Any Ability Damage or Ability Drain from the roll is doubled like normal for a weapon attack.
If there is no attack roll, then the spell cannot benefit from a critical hit.
Pathfinder Second Edition
In Pathfinder 2e, a critical hit is when you roll your attack roll and you score 10 over your target DC or more. So for example, if you were rolling to hit a DC of 19, and your total roll is 29 or more, that would be a critical hit. Also, like 1st Edition, a roll of a natural 20 on the attack roll also is considered a critical hit.
You don’t need to confirm this critical hit.
A critical hit will double the damage of your attack. Unlike 1st edition, you don’t roll twice, but actually total your damage then multiply it times two.
Certain other attack actions like spells or the Grapple action as part of the Athletics skill, have specific effects when you get a critical success. In the case of the Grapple action, the target is restrained until your next action.
For an example of a spell effect, one needs only look as far as the Acid Splash spell. When scoring a critical hit with Acid Splash, the target takes a persistent 1 acid damage in addition to the damage already taken from the spell. This persistent damage will also increase as you heighten the spell.
Some class effects, feats, weapon abilities, runes, and magic will grant a character something called Critical Specialization Effects for specific weapon groups.
The Bow Group for example:
Source Core Rulebook pg. 284 2.0
If the target of the critical hit is adjacent to a surface, it gets stuck to that surface by the missile. The target is immobilized and must spend an Interact action to attempt a DC 10 Athletics check to pull the missile free; it can’t move from its space until it succeeds. The creature doesn’t become stuck if it is incorporeal, is liquid (like a water elemental or some oozes), or could otherwise escape without effort.
Weapons Alchemical Crossbow, Arrows, Backpack Ballista, Backpack Ballista Bolts, Bolts, Composite Longbow, Composite Shortbow, Crossbow, Daikyu, Hand Crossbow, Heavy Crossbow, Hongali Hornbow, Longbow, Repeating Crossbow, Repeating Crossbow Magazine, Repeating Hand Crossbow, Repeating Hand Crossbow Magazine, Repeating Heavy Crossbow, Repeating Heavy Crossbow Magazine, Shortbow, Taw Launcher, Wooden Taws”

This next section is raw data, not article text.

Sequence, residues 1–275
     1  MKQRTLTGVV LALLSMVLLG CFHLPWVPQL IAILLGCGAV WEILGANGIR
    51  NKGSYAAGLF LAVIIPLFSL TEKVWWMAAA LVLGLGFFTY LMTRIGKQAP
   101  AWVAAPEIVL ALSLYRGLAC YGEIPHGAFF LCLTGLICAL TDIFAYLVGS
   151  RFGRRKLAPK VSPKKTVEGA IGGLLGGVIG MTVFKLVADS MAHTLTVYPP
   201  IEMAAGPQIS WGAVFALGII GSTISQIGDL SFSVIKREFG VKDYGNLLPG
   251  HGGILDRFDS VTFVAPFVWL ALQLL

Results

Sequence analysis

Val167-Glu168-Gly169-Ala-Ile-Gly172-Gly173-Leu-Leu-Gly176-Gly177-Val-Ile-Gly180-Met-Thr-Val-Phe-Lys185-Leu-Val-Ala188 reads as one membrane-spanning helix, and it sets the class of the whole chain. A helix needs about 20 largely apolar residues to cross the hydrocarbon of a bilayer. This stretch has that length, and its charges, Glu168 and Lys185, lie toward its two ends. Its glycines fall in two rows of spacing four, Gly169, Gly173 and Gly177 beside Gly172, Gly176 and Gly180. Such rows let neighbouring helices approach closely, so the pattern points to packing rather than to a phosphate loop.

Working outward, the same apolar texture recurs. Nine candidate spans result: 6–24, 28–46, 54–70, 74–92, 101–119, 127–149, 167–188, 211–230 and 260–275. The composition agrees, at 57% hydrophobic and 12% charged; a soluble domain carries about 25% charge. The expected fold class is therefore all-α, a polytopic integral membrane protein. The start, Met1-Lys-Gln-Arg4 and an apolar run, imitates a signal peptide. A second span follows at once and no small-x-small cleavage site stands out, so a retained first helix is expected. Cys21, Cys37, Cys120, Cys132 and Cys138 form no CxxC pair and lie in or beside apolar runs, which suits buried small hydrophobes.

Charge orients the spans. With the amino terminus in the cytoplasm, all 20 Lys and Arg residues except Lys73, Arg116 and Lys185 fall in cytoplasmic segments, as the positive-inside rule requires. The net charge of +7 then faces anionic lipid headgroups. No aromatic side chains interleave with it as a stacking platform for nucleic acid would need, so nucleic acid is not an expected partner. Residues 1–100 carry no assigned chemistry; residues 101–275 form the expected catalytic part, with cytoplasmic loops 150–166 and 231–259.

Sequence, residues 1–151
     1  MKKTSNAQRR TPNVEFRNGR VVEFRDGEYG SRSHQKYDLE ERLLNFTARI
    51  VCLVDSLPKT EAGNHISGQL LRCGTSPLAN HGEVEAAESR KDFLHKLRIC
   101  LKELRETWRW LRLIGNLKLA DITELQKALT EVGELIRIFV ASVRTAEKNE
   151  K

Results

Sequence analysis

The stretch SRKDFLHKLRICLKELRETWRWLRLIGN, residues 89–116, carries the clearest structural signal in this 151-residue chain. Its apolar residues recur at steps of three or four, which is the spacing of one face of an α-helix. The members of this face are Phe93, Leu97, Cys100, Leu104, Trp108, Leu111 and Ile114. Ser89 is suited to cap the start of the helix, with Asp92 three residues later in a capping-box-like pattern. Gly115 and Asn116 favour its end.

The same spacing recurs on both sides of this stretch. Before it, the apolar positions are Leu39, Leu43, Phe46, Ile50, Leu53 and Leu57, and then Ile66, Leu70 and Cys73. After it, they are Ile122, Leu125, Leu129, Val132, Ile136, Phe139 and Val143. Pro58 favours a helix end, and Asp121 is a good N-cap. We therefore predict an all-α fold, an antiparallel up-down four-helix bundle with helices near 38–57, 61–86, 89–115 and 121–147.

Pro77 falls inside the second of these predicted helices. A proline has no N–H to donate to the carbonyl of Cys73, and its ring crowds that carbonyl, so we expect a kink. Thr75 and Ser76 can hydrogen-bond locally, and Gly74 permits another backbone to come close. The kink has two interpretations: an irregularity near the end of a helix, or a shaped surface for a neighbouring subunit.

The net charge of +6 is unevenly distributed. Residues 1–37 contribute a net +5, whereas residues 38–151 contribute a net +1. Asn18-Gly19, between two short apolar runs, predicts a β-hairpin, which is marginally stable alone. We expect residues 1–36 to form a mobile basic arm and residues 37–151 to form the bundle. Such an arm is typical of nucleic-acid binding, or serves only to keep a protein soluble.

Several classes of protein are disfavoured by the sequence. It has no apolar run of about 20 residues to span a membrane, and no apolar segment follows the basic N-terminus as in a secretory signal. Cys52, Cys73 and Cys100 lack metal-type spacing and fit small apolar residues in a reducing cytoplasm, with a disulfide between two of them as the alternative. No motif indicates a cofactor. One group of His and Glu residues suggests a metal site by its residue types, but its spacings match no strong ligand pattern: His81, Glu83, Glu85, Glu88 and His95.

In this case, when you score a critical hit with a weapon in the bow category, you can add the above special effect to your normal doubled damage. You don’t HAVE to use the above effect if it isn’t advantageous to do it, but it can add more tactical options for your character.
Critical Success Outside of Combat
Natural 20s and Criticals are not just for combat. They can be used in other aspects of the game, specifically in Skill Checks and Saving Throws.
Pathfinder First Edition
Pathfinder 1e doesn’t really use Critical Successes beyond the Critical Hits of Combat. Typically most GMs will offer some kind of bonus.
In the case of something like a critical success at persuading someone using the Diplomacy Skill, they might become allies for longer than just one scene.
Maybe in the case of making a critical success on a saving throw against a specific effect, the GM might rule you get a bonus for resisting that effect in the future.
There are no hard or fast rules in this instance, so it is all in the GM’s hands.
Pathfinder Second Edition
2e on the other hand definitely has rules for natural 20s and critical successes outside of combat. This is when the degree of success rules start to really shine.
Degrees of success tie in with that 10 above rule from the combat section. You have a critical success on a roll if you roll 10 above the DC you need to beat. If in addition to that you roll a natural 20, then you get another degree of success on top of that critical. In essence you treat your success as one degree higher.
What this really boils down to most often is if a natural 20 would lead to a success, but not a critical success (if 20+skill modifier would not have been 10 over the DC), then it is still a critical success.
When it comes to critical successes in Pathfinder, there are often degrees by which you succeed. This is shown best in Skill Checks and Saving Throws.